Supply and treatment

Our supply schemes

We provide a reticulated water supply to 23,617 residential properties and approximately 2,078 non-residential properties in the district. 

Twelve water treatment plants in the district produce an average volume of 32,307 cubic metres of potable water every day.  

We own and manage 640km of pipes that requires 33 pump stations to move the water through the network and to your property.  

Resource consents are required for the abstraction of natural water that is used for public supplies.  These stipulate the amount of water than can be taken on a daily or weekly basis and a maximum rate of extraction (litres per second).   We currently have approximately 34 water take consents issued by the Otago Regional Council.   

As the primary water supplier to the district, we are required to provide a supply of water to homes and businesses that is safe for human consumption. 

Water treatment

All Council-owned  water supplies are treated using Chlorination.    This follows an extensive community consultation in 2017 and the Havelock North water contamination crisis is 2016.  

  • Supplying safe and clean drinking water is one of our core responsibilities. There is both the expectation and legal requirement that the water is safe to drink for our residents and visitors to the region. 

    We are obligated to learn from the Havelock North experience. An event of that magnitude in the Queenstown Lakes District would be very damaging on a local level - in terms of the effects to residents, but also seriously damaging to the region’s tourism sector. 

    Drinking from an untreated water supply is much like driving without a seatbelt. While you may be safe for the majority of the time, when something adverse happens you are completely unprotected. Chlorine acts in the same way as a seatbelt – it protects those drinking from the supply from unexpected contamination events. Additional safety features are needed to protect against all possible infections, for example chlorine does not kill cryptosporidium.

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  • As little as possible to keep your water safe. Typically we will use a dose of 0.8mg of chlorine for every litre of water. This will give a residual dose of 0.5mg per litre in what comes through your taps.

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  • It can, and it already has.

    In 1984 before Queenstown’s water was chlorinated, about 3500 people in Queenstown became ill with gastroenteritis after a blocked sewer overflowed into Lake Wakatipu near the water supply intake.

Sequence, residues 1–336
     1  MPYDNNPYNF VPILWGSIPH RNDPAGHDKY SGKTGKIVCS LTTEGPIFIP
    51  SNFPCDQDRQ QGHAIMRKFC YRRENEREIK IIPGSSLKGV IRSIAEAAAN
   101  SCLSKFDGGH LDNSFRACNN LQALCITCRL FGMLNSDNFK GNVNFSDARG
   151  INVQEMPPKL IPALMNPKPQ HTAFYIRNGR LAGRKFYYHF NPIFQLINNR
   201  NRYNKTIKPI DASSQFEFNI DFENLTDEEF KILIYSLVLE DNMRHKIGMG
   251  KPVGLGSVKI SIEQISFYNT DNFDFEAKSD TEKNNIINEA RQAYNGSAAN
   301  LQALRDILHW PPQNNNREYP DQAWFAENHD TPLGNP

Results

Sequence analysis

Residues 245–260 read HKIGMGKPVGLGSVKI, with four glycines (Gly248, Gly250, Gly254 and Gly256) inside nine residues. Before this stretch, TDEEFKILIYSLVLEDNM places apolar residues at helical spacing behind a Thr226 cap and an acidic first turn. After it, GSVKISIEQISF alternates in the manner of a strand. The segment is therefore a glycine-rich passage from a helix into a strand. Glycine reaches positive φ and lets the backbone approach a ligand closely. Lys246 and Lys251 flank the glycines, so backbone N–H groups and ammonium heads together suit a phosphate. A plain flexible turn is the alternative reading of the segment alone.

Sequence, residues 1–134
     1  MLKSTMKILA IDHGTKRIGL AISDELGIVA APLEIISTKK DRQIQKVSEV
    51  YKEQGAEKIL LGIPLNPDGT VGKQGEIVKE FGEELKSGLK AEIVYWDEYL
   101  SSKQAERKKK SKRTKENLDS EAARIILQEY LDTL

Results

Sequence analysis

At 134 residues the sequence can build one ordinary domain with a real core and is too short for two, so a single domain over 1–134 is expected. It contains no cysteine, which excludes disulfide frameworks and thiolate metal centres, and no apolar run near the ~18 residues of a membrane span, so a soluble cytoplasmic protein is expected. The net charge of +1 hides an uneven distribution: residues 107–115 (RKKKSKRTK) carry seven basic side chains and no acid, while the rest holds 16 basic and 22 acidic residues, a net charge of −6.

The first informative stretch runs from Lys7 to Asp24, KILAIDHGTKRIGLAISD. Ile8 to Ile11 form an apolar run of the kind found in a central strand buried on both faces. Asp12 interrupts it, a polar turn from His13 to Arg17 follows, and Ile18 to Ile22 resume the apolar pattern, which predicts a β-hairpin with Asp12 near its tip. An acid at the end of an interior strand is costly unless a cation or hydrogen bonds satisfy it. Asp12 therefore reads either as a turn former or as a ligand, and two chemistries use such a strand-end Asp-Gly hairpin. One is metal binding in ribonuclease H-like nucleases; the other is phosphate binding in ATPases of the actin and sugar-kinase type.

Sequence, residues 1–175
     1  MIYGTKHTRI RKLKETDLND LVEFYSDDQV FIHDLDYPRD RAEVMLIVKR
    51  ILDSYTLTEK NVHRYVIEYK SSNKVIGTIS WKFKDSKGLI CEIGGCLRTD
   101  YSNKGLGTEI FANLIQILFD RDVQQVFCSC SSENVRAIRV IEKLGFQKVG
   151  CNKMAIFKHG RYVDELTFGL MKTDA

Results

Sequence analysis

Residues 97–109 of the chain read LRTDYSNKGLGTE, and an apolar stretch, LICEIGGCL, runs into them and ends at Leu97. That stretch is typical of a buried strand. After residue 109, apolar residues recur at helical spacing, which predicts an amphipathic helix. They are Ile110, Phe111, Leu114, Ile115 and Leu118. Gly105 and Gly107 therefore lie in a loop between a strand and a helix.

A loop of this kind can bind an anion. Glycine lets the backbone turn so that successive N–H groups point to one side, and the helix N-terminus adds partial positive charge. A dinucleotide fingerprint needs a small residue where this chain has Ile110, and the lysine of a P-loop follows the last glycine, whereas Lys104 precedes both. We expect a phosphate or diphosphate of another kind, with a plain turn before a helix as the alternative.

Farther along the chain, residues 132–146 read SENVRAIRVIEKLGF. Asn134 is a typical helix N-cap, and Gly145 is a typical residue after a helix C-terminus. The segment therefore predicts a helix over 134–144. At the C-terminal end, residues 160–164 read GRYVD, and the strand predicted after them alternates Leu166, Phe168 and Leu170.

In 2012 there was an outbreak of norovirus at Cardrona where 53 people reported being ill with diarrhoea, vomiting and nausea from contaminated water.

    We have regularly had to issue “Boil Water” notices for local communities because testing has shown E.coli in the water.

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  • Yes. Globally, chlorine has been used safely in the treatment of water for around 120 years. It keeps millions of people safe all over the world from waterborne illness (including most of New Zealand).

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  • You can fill a jug of water and leave it on the bench or in your fridge overnight. The chlorine will dissipate naturally over a few hours and the taste will be gone. Under-bench filters can also help remove the taste of chlorine.

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  • You can buy a carbon filter that attaches to your water supply where it enters your property. It will remove all the chlorine from the water to your home. Examples include:

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Lake Algae

For a number of years the Lake Wanaka water supply has been affected by the presence of algae, often known as 'lake snow'. The algae is not harmful from a health perspective, but can affect water filters, irrigation fittings, new appliances and other equipment. 

In mid-2016 we began receiving reports of algae build-ups in a number of water filters around Queenstown that take water from Lake Wakatipu. It has been identified as the same algae that has affected the water system in Wanaka for the past eight years or so.

This is not a health concern, but if you notice a significant drop in water pressure at home it might pay to check and clean your water filter, and let us know so we're aware of the scale of the issue.

We’re currently working with the Otago Regional Council and their partners to learn more about the naturally occurring algae, what causes it, and what treatment options are available.

The Council has released a brochure "Managing Algae in Your Water Supply" which details the possible effects of the algae  and how to deal with it.

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